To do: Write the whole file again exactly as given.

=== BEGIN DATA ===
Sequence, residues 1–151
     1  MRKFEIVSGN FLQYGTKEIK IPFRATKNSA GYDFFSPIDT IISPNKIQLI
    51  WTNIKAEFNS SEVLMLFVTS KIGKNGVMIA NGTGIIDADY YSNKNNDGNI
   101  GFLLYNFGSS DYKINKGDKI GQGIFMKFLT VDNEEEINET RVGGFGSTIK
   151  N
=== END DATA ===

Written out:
Sequence, residues 1–151
     1  MRKFEIVSGN FLQYGTKEIK IPFRATKNSA GYDFFSPIDT IISPNKIQLI
    51  WTNIKAEFNS SEVLMLFVTS KIGKNGVMIA NGTGIIDADY YSNKNNDGNI
   101  GFLLYNFGSS DYKINKGDKI GQGIFMKFLT VDNEEEINET RVGGFGSTIK
   151  N